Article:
In the 1990s and 2000s, growing income inequality in most countries led to a global shortfall between supply and demand. The US economy bridged this shortfall through equity market and housing bubbles, which produced more severe financial crises. Rebalancing after the 2008 crisis required trade surplus countries to expand their non-traded sectors, and the FED’s three rounds of Large Scale Asset Purchases (quantitative easing) shifted investment flows towards some developed and developing economies. While capital inflows led to shrinking trade surpluses in those countries, their relatively undeveloped securities markets mean that rebalancing largely occurred through rising housing prices. However this is not a sustainable solution to global trade and financial imbalances in the long run, and risks producing the same kind of crises the United States experienced in 2008.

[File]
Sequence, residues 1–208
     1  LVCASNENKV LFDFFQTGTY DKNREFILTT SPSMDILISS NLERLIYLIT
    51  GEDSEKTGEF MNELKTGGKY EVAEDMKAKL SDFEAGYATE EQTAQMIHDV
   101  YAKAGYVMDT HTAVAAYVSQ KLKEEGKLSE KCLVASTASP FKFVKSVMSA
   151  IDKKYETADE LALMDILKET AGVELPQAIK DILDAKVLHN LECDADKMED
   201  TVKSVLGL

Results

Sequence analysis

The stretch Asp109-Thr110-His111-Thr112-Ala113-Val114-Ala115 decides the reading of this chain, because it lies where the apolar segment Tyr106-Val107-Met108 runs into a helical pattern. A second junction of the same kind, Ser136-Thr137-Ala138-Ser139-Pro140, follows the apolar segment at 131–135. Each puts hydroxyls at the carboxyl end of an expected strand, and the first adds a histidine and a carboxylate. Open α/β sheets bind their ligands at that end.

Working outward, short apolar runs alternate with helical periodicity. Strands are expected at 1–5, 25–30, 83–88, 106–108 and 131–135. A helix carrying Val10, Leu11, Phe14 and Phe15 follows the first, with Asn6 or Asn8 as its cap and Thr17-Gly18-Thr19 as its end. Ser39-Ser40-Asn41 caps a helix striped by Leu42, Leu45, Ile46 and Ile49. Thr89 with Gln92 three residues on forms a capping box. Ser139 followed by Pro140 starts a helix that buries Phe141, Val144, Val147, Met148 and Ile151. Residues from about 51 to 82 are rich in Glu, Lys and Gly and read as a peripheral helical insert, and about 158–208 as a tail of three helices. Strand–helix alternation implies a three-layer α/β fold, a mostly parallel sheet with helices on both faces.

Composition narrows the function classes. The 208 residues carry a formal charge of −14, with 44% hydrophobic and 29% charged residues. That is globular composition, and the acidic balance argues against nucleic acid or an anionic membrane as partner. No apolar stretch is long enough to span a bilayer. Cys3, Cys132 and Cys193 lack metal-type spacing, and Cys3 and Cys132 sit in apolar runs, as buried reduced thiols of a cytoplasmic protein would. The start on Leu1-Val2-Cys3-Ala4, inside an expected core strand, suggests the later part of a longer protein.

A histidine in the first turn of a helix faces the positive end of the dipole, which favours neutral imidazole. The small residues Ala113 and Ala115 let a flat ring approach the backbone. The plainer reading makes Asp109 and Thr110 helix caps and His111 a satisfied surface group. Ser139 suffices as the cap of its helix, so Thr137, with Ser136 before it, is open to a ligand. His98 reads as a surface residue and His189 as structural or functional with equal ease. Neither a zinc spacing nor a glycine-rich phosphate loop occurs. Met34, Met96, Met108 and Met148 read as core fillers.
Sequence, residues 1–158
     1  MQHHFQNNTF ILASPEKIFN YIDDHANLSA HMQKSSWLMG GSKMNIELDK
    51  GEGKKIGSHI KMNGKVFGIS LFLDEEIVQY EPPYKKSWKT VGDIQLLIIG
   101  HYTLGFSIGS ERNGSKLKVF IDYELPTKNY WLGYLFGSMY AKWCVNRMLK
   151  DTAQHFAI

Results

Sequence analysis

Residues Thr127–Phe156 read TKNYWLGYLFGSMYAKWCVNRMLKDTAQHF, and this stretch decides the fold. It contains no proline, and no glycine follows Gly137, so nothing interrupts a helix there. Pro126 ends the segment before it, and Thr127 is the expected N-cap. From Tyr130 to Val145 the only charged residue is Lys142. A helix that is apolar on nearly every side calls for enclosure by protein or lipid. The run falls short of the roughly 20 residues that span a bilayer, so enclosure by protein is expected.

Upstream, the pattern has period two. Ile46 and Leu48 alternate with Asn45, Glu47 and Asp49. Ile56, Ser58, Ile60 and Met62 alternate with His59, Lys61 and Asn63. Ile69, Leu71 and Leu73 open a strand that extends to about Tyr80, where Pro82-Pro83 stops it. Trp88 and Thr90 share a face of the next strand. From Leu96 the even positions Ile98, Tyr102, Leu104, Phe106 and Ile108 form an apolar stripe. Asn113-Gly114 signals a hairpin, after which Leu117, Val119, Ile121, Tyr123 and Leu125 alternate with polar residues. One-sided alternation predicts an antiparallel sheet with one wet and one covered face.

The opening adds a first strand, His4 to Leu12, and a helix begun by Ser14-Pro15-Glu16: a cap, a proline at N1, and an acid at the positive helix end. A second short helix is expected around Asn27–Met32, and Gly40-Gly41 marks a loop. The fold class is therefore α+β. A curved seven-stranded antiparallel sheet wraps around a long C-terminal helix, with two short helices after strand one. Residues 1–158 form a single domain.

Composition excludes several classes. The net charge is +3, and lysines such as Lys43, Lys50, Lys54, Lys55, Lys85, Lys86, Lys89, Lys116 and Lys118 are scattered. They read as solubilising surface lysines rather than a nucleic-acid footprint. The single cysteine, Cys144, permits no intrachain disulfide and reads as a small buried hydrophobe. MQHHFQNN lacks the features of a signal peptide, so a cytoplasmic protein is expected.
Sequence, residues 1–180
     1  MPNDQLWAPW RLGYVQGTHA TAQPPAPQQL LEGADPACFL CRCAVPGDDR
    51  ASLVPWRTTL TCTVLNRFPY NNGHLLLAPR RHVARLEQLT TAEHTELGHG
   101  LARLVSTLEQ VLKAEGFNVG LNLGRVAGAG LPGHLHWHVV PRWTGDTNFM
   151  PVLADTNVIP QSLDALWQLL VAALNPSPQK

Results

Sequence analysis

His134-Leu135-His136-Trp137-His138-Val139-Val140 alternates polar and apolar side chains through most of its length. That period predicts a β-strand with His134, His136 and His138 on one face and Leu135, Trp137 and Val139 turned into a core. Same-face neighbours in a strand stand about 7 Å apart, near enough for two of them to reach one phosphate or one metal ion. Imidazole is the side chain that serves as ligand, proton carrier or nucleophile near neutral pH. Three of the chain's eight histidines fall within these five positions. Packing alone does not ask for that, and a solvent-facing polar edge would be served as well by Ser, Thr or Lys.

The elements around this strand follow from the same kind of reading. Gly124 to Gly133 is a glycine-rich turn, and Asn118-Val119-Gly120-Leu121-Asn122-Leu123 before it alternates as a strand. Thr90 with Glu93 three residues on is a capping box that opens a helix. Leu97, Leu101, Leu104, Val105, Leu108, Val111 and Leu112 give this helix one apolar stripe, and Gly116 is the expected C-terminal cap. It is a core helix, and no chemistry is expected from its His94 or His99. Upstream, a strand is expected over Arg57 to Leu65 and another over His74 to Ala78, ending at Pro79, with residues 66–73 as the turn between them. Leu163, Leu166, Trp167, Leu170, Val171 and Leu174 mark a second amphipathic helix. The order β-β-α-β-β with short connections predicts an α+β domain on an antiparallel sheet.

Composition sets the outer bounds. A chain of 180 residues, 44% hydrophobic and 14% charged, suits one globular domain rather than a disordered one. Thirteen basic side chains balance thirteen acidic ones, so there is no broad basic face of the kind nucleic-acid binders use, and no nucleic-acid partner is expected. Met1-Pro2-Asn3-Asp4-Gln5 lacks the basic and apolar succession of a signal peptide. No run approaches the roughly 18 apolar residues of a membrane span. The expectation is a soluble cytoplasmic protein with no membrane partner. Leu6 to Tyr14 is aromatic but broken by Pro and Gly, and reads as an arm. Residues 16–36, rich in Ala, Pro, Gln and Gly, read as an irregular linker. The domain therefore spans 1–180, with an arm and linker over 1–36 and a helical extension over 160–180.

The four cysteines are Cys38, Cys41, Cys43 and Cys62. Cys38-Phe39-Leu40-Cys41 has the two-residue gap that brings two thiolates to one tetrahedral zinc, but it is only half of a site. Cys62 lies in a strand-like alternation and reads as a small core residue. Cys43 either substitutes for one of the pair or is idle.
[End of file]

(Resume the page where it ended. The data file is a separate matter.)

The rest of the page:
Herman Schwartz is a professor in the Politics department of the University of Virginia. He is the author or editor of seven books on economic development, globalization, Denmark’s welfare state, employment policy, the politics of housing finance, the global financial crisis, and, most recently, the geo-politics of the subprime mortgage crisis in *Subprime Nation: American Power, Global Capital and the Housing Bubble*. He has also written over 50 articles and chapters. He was a Fulbright Scholar at the University of Aarhus, Denmark, and a Fulbright Chair at the University of Calgary, Alberta Canada. He is or has been a visiting scholar at / Radboud University in Nijmegen, Netherlands / KyungHee University in Seoul, Korea / and City University London.